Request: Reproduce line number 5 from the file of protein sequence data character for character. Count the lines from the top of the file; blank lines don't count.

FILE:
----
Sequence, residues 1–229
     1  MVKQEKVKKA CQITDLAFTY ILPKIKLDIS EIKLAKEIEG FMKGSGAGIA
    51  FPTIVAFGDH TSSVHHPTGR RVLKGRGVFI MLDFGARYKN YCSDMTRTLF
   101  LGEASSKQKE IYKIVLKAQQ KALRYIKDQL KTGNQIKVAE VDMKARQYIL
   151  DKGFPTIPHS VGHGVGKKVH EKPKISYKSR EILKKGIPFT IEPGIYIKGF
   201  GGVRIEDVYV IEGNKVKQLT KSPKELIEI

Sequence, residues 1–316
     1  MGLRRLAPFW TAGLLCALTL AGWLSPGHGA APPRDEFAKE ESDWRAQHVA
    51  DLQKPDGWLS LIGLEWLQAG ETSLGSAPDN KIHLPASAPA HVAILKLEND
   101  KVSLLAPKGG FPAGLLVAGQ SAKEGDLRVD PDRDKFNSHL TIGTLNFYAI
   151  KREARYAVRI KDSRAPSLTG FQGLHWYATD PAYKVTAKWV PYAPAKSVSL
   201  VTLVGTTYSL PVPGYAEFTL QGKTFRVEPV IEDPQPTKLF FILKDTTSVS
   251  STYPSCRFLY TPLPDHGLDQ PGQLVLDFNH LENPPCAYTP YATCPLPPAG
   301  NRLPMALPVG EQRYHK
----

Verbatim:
   151  DKGFPTIPHS VGHGVGKKVH EKPKISYKSR EILKKGIPFT IEPGIYIKGF